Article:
‘Sea monster’: Giant pliosaur skull on display


A 150-million-year-old skull of a giant sea monster unearthed on the Jurassic coast in south-west England is now on display at the Etches Collection at Kimmeridge in Dorset, England.

BBC reports that the two meter long skull is that of a pliosaurus – one of the most fearsome predators that ever inhabited the planet.

Sir David Attenborough explored the discovery in a BBC documentary broadcast on New Year’s Day.

The snout of the pliosaurus was discovered by a fossil enthusiast on a beach near Kimmeridge Bay. The rest of the skull was retrieved from a rapidly eroding cliff by a team that abseiled down the cliff. Other parts of the animal’s skeleton may still be buried in the crumbling cliffs and the hope is that these can also be recovered in time.

Steve Etches led the project to remove and prepare the fossil.

The giant sea monster’s skull is now on display at the museum, which is named after Etches – alongside the Jurassic fossils that took him a lifetime to collect.

“It’s going to be impressive, especially when children visit the museum to see the gigantic sea monster face to face.

“The skull of the pliosaurus is one of the most complete specimens ever found. It also doesn’t take much imagination to see that this animal was a killing machine,” Etches told BBC News.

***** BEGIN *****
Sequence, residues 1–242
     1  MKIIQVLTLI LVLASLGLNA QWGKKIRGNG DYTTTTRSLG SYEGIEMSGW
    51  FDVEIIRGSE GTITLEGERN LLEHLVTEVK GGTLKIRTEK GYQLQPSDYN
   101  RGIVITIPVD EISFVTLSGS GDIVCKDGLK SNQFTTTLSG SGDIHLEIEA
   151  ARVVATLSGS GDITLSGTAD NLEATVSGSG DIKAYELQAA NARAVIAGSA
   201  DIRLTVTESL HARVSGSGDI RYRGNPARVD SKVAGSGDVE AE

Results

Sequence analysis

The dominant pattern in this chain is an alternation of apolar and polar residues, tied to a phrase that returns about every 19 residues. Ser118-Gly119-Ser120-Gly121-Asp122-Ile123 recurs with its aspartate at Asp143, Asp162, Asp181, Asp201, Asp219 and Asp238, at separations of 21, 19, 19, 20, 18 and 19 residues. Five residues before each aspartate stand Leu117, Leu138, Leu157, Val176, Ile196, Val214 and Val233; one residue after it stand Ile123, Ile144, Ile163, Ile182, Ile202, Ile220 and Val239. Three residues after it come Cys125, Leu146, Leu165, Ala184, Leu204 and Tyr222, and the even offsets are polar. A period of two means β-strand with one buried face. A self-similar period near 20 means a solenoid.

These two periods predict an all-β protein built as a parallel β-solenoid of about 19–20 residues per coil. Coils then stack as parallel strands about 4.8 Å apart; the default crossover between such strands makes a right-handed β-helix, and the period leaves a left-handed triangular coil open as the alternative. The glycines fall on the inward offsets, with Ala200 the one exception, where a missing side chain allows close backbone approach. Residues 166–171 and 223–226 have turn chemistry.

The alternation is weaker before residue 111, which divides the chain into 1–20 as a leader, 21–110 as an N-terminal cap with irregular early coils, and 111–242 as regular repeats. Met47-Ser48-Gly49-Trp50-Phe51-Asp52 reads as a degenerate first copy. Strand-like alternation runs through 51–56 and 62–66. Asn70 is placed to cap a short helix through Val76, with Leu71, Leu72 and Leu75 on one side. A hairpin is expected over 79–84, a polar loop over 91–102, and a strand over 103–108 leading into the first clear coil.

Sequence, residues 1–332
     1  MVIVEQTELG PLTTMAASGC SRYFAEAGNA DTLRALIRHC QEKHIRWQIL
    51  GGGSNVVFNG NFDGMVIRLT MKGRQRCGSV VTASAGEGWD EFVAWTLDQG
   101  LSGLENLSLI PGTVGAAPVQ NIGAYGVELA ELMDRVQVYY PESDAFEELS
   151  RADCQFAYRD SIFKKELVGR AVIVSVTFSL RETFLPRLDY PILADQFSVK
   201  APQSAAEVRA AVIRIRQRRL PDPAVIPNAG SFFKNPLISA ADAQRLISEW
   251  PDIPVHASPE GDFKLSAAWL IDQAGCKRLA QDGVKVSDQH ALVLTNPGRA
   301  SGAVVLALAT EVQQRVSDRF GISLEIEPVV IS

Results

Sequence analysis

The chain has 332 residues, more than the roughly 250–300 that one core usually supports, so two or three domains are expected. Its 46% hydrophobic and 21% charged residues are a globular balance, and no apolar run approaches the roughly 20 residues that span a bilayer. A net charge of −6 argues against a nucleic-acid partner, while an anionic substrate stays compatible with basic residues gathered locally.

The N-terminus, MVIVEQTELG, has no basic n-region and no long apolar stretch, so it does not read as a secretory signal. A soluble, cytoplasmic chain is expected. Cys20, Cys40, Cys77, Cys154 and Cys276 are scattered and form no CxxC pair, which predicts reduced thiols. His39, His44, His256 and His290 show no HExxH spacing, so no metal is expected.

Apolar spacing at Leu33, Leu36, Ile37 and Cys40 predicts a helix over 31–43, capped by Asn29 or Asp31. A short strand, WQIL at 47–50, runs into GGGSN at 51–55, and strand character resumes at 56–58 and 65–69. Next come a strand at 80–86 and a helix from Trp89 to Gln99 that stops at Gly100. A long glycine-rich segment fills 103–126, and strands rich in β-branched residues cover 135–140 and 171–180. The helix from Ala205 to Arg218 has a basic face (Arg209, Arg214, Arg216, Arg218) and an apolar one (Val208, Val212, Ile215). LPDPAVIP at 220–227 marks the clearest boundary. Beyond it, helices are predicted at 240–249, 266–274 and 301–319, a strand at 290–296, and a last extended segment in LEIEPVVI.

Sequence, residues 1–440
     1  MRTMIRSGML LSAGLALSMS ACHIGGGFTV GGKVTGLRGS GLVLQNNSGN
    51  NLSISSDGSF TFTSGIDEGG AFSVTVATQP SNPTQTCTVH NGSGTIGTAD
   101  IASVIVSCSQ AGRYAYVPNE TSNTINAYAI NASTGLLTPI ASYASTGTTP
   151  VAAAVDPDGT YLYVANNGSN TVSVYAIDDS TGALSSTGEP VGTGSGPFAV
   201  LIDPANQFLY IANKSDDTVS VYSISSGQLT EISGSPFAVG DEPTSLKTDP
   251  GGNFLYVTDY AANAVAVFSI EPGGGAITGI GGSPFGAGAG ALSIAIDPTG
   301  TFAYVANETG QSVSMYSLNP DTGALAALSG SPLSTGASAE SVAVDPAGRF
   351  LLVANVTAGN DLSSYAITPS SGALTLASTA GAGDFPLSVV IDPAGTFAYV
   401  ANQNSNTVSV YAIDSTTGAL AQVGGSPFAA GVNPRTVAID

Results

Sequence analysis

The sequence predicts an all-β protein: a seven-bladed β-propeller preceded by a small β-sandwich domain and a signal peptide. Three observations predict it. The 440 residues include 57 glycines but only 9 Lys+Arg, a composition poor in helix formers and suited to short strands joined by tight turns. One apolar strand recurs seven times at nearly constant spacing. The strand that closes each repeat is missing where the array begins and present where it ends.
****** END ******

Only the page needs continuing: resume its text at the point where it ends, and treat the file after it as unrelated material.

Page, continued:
The pliosaur’s enormous crocodile-like jaw was packed with 130 razor-sharp teeth and the cavities on either side of the skull would have been filled with large muscles.

Researchers estimate that the animal’s bite force would have been almost the same as that of Tyrannosaurus rex – which earned the pliosaurus the nickname of “sea-rex”.

“With a length of between 10 m and 12 m, the ancient reptile moved through the sea with the help of its four large paddle-like limbs. So, despite its size, the sea monster probably moved very quickly,” says Etches.

Passing prey would be devoured with a single bite and scientists don’t think this monster even bothered to chew its prey.

“Pliosaurs were at the very top of the food chain. They would even feed on their own kind. In the collections, we found pliosaur bones with pliosaur bite marks on them,” says Etches.

In addition to public interest in this prehistoric animal, researchers are also eager to witness the fossil up close.

It has features not seen on other pliosaurs, including a high crest.

  • Source: BBC